You keep the landscape open for serious dispute including dispute thats offensive, obviously, because if youre ever going to talk about anything thats difficult (and why talk otherwise) then youre going to talk about things that are offensive to people.

And youre going to do it badly, youre going to stumble around when youre formulating your thoughts and thats horrible, it makes people anxious, it alienates them but its better than pain and death. And thats the alternative.

This is why eclectic mixers like Sluggermatter. As Fast Company notedpeople are much more likely to share something that accords with something they already think. They also prefer stories that come from someone within their peer group.

Photo by Pixabay is licensed under CC0

Mick is founding editor of Slugger. He has written papers on the impacts of the Internet on politics and the wider media and is a regular guest and speaking events across Ireland, the UK and Europe. Twitter: @MickFealty

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Friday Thread: A reminder that robust political dispute is [much] better than war - Slugger O'Toole

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March 1st, 2020 at 4:48 am

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What Viktor Frankls logotherapy can offer in the Anthropocene – AlterNet

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With our collapsing democracies and imploding biosphere, its no wonder that people despair. The Austrian psychoanalyst and Holocaust survivor Viktor Frankl presciently described such sentiments in his book Mans Search for Meaning (1946). He wrote of something that so many patients complain [about] today, namely, the feeling of the total and ultimate meaninglessness of their lives. A nihilistic wisdom emerges when staring down the apocalypse. Theres something predictable in our current pandemics, from addiction to belief in pseudoscientific theories, for in Frankls analysis, An abnormal reaction to an abnormal situation is normal behaviour. When scientists worry that humanity might have just one generation left, we can agree that ours is an abnormal situation. Which is why Mans Search for Meaning is the work to return to in these humid days of the Anthropocene.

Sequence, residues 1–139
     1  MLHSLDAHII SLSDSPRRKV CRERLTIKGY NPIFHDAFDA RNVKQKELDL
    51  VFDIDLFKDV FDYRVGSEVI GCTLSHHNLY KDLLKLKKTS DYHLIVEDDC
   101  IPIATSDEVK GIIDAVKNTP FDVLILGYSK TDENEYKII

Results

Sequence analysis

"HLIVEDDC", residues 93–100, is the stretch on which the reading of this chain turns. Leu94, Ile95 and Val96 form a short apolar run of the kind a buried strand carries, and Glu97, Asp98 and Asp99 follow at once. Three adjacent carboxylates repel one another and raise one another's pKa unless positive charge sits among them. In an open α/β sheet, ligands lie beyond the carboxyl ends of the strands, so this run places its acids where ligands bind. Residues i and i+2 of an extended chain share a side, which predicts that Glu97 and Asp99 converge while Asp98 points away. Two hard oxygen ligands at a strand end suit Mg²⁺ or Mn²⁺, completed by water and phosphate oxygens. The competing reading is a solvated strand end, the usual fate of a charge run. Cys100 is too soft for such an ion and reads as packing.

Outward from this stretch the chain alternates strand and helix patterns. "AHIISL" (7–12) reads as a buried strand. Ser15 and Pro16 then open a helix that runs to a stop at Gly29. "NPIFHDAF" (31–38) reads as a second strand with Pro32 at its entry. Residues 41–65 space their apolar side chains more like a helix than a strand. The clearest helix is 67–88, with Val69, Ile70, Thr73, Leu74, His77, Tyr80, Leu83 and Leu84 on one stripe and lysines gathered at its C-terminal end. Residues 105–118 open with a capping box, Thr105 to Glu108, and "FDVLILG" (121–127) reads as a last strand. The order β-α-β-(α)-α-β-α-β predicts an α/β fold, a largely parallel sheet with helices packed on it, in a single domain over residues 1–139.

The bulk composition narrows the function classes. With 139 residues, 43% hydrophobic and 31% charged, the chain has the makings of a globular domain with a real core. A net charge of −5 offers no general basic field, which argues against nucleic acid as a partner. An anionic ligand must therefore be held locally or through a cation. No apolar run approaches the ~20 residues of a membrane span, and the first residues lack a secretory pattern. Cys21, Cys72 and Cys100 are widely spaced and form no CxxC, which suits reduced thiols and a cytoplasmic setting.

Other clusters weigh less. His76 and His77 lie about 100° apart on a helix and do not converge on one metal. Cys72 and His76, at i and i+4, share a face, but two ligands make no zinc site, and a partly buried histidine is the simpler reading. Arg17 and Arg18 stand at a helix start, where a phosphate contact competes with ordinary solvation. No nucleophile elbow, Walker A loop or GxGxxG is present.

Already a successful psychotherapist before he was sent to Auschwitz and then Dachau, Frankl was part of whats known as the third wave of Viennese psychoanalysis. Reacting against both Sigmund Freud and Alfred Adler, Frankl rejected the firsts theories concerning the will to pleasure and the latters will to power. By contrast, Frankl writes that: Mans search for meaning is the primary motivation in his life and not a secondary rationalisation of instinctual drives.

Frankl argued that literature, art, religion and all the other cultural phenomena that place meaning at their core are things-unto-themselves, and furthermore are the very basis for how we find purpose. In private practice, Frankl developed a methodology he called logotherapy from logos, Greek for reason describing it as defined by the fact that this striving to find a meaning in ones life is the primary motivational force in man. He believed that there was much that humanity can live without, but if were devoid of a sense of purpose and meaning then we ensure our eventual demise.

In Vienna, he was Dr Viktor Frankl, head of the neurology department of the Rothschild Hospital. In Auschwitz, he was number 119,104. The concentration camp was the null point of meaning, a type of absolute zero for purpose in life. Already having developed his theories about logotherapy, Frankl smuggled a manuscript he was working on into the camp, only to lose it, later forced to recreate it from memory. While in the camps, he informally worked as a physician, finding that acting as analyst to his fellow prisoners gave him purpose, even as he ostensibly assisted others. In those discussions, he came to conclusions that became foundational for humanistic psychology.

One was that the prisoner who had lost faith in the future his future was doomed. Frankl recounts how even in the camps, where suicide was endemic, the prisoners who seemed to have the best chance of survival were not necessarily the strongest or physically healthiest, but those somehow capable of directing their thoughts towards a sense of meaning. A few prisoners were able to retreat from their terrible surroundings to a life of inner riches and spiritual freedom, and in the imagining of such a space there was the potential for survival.